I’ve done similar things with friendships I’ve ended- felt guilty for hurting the other person, only to realize years later that the other person was using me & really a terrible friend,& I had to end that relationship.

I would bet that this is pretty common with daughters of narcissistic mothers.  I know that I grew up feeling so overly responsible for my mother that I carried that overdeveloped sense of responsibility into other relationships.  I still fight with that to this day sometimes.  As a result, people who use & abuse have sought me out, & if I ended the relationship, I ended up feeling guilty for not doing enough, or letting them down somehow.  I take on blame that isn’t necessarily mine.  The result is a lot of wasted time beating myself up & feeling guilty for things I shouldn’t feel guilty about.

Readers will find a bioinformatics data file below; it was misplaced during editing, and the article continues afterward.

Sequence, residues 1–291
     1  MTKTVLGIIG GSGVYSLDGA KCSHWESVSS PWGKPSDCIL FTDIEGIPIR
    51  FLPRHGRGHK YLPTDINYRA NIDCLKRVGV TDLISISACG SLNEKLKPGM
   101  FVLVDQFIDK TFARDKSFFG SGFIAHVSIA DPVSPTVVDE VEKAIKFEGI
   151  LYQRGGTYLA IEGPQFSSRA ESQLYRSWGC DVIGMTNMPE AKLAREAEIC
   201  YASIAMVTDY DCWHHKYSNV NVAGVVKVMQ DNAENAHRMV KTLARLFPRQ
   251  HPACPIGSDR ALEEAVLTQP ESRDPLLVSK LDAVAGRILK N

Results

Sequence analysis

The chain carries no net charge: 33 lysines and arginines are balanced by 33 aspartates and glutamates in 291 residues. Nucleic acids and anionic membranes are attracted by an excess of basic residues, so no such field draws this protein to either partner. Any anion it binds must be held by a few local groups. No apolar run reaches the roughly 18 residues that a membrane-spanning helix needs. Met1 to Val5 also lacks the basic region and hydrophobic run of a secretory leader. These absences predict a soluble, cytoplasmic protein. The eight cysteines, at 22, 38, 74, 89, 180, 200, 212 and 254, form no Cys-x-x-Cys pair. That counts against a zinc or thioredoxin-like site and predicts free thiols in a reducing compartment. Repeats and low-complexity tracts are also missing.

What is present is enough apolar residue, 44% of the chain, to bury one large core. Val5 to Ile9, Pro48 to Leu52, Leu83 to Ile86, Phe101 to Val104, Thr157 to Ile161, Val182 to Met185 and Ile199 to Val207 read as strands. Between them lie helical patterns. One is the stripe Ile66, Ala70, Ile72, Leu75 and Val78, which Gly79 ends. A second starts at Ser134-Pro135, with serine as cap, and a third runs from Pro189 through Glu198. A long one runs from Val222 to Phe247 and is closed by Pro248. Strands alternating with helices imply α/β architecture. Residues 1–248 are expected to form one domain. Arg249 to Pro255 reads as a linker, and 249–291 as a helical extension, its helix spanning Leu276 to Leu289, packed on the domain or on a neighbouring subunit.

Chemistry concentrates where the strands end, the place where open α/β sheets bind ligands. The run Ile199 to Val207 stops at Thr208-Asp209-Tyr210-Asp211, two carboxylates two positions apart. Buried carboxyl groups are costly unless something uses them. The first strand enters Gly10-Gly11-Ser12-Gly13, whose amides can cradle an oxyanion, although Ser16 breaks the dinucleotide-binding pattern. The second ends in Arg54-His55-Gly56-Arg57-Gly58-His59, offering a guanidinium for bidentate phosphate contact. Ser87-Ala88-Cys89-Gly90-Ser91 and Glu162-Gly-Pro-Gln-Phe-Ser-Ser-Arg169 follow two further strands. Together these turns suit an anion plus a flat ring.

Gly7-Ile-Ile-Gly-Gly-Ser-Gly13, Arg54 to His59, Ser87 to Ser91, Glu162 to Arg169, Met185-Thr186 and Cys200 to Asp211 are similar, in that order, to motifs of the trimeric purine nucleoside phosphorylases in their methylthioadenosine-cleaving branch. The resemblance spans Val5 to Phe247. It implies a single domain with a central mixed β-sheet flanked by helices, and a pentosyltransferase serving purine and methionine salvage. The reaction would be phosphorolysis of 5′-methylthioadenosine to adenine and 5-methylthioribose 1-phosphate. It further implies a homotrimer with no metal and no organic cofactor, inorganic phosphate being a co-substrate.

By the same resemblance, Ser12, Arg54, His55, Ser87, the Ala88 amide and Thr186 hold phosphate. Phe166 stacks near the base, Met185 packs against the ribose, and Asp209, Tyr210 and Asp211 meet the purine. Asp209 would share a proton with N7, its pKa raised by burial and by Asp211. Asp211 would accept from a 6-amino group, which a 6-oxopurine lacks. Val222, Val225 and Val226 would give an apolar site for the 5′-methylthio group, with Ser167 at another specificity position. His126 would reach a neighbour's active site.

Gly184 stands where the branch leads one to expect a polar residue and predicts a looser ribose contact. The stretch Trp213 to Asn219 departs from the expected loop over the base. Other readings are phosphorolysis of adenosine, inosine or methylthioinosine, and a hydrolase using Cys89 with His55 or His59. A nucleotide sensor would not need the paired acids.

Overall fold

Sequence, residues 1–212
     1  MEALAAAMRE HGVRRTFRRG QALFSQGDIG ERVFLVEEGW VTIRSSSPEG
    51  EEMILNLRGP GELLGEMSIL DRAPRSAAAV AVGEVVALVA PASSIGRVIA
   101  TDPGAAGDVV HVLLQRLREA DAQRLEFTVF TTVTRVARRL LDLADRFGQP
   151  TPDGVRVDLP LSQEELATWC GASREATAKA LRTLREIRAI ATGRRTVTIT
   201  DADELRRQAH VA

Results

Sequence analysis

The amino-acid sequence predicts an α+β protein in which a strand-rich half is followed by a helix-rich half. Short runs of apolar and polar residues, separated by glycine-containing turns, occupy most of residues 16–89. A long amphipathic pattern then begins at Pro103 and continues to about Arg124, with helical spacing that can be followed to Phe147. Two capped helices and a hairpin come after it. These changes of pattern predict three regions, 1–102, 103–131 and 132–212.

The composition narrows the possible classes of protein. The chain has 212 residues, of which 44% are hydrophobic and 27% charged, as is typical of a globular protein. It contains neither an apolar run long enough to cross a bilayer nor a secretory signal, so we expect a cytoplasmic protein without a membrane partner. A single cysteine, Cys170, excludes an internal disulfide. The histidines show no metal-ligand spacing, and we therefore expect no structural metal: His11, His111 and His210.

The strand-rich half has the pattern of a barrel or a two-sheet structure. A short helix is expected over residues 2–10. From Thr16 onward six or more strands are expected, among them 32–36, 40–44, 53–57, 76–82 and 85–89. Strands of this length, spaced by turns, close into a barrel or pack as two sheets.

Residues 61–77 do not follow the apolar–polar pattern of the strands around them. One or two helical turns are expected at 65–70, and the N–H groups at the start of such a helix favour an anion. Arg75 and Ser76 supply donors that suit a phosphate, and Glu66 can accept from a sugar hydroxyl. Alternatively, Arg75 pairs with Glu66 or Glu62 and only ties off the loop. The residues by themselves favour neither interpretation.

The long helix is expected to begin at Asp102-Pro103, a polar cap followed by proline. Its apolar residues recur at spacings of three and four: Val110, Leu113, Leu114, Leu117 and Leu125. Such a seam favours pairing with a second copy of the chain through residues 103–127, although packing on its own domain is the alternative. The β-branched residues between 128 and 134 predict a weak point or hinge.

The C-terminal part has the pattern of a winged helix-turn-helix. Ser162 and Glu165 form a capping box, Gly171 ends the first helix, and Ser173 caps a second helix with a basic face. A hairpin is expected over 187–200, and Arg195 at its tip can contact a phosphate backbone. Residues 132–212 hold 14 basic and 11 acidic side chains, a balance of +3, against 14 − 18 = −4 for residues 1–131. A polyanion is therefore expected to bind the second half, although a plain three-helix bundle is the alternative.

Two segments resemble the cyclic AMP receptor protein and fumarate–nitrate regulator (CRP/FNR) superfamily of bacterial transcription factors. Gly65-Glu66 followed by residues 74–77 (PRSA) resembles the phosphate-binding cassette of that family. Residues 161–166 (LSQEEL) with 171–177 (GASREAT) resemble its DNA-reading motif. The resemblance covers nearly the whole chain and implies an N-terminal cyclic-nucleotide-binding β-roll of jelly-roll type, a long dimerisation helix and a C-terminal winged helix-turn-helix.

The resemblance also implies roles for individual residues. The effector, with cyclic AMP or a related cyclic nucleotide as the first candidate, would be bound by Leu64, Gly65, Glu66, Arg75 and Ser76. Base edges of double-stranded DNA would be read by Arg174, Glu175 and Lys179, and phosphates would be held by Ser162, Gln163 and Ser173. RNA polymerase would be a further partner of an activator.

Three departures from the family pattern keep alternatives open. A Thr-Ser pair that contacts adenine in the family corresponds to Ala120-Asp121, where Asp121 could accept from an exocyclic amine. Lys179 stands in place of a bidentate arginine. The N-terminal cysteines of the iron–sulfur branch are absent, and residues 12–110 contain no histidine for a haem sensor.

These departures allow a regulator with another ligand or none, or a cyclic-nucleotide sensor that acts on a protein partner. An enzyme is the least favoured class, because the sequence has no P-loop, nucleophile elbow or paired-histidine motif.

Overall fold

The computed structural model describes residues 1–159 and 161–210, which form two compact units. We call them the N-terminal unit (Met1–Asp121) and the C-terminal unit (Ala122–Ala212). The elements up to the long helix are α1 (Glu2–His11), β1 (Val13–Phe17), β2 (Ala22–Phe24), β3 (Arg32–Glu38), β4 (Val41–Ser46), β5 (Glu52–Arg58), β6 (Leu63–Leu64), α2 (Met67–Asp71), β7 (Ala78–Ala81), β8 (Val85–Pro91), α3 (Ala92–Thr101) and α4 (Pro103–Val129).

Does any of this sound familiar to you??  I’m guessing it does.

If you’re in this position of berating yourself for failed relationships, I would like to encourage you today.  Think objectively about those relationships, & if you have a hard time with being objective, pretend a good friend is telling you about it rather than you having experienced it.  What would you tell her?  Would you blame her completely for the relationship failing?  Would you tell her that she was stupid for becoming involved with the person  in the first place or for allowing that person to use or abuse her?  Then what makes telling yourself these things OK?

I’m not saying you’re never at fault or never make mistakes in relationships.  We all do those things.  It’s part of being human.  However, I’m talking about not accepting 100% of the blame 100% of the time.  Accept blame when it’s yours & make amends where you can, but also keep the other person’s blame on them.  It isn’t yours to take.  if you are unsure about what blame is & is not yours, I encourage you to ask God.  Pray about it, & God will show you what you need to know in a loving, gentle way.